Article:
Spain's new Law 44/2002 on Reform Measures of the Financial System - in which many surprises can be found - has finally been issued. It was published on November 23 in the Spanish Official Gazette (BOE no 281). Except for matters specified in Final Disposition number 3 (Disposición Final 3ª), the bulk of the Law is enforceable from the day after publication.
As part of the same process of reforming the financial system, Final Disposition number 4 (Disposición Final 4ª) authorizes the government to issue in one year new rewritten texts in the form of royal decrees (textos refundidos) of relevant existing laws, among them Law 24/1988, of July 28, on Financial Markets.
Referring to this specific law 24/1988, the new legislation proposes changes in the domain of corporate governance. These changes are to be implemented against a backdrop of Spain's long-awaited Corporation Code (Código de Sociedades) which has been under discussion for more than eight years and the work of the Aldama Commission on Corporate Governance.
Meanwhile, the new law has initiated reforms to protect investors (mainly small investors).
First, the new law creates three new protective institutions:
- the commissioner for the defence of the client of financial services;
- the commissioner for the defence of the investor; and
- the commissioner for the defence of the insured and of the participant in pension funds.
Their mission is to protect users of financial services when those services fall within the respective orbit of competence of the CNMV (the stock market regulator), the Bank of Spain and the General Directorate of Insurance and Pension Funds.
Other changes include the following:
Related transactions between companies and their related parties (article 37 of the new law, which adds a new paragraph to article 35 of Law24/1988): transactions must be reflected in the half-year financial information that any company issuing negotiable securities in secondary markets must produce for the CNMV.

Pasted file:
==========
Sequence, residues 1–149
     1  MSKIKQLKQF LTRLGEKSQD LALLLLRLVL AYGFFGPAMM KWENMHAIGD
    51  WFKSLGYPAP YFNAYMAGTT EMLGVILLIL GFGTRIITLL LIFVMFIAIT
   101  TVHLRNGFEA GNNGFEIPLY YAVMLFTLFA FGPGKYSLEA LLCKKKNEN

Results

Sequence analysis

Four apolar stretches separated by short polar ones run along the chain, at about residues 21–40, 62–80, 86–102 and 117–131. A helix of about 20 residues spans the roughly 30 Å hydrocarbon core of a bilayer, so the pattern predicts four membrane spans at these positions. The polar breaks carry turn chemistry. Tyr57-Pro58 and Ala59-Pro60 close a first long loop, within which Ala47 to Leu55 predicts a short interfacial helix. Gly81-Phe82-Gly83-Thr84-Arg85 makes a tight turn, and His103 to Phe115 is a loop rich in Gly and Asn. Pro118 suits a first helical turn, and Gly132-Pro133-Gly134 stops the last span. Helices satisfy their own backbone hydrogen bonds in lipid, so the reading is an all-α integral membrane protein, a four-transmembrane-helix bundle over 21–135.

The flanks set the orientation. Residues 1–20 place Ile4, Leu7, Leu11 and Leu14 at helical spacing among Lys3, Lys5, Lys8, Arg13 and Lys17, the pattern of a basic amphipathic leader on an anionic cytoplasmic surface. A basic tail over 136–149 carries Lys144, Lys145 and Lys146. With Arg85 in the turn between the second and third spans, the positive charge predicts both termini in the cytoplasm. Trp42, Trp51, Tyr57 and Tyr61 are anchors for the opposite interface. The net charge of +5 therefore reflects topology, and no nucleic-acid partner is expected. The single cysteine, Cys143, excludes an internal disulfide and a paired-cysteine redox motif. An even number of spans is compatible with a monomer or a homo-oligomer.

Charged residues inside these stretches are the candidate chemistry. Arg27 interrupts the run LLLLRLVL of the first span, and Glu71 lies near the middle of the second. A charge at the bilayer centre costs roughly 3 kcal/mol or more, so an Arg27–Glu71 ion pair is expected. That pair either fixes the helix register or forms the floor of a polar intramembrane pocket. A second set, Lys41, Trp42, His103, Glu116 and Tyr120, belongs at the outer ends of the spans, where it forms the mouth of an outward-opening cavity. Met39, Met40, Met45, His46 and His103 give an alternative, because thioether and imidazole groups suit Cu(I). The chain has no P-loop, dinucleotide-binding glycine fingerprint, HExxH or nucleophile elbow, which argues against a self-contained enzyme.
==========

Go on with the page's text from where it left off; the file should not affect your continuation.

Privileged information: the new law includes improved drafting, with a more systematic legal approach (article 38, which modifies in its paragraphs 1, 2 and 3, articles 79, 80 and 81 of Law 24/1988).
Relevant information: covered in paragraph 4 of article 38 of the new law, which changes article 82 of Law 24/1988 and provides for a specific definition of the concept. It says the concept applies to any information that might reasonably affect an investor buying or trading securities or other financial instruments, and hence information that might have an appreciable influence on prices in the secondary market. The new drafting requires that any relevant information be previously notified to CNMV, as soon as the relevant fact is known, or when the relevant decision is taken, or when the agreement or the contract is signed. Such communication must be true, clear, complete, and when applicable, duly quantified.
Chinese walls: these are treated in a much more detailed way than in previous legislation. The work of individuals involved in the issuance of securities during the study and negotiation phases of such issuance is regulated for the first time (paragraphs 5 and 6 of article 35, which add new drafting to article 83 and add a new article 83 bis to Law 24/1989).
Manipulation of the price of securities: this is also addressed by the new law, which in article 39 sets up a new article 83ter for Law 24/1988, defining in three different paragraphs conduct considered to be manipulative.
Audit committees: these must be set up by all companies with publicly-traded shares or securities, with broad powers established in article 47 of the new legislation, which provides for a new Additional Disposition number 18 to be included in Law 24/1988.
A stricter regime for auditors: this reflects some of the measures taken by the US SEC, for example article 51 says auditors must be independent professionals.
The new regulation is patchy and hasty, but it is also a well intended treatment of problems that have stricken western financial markets.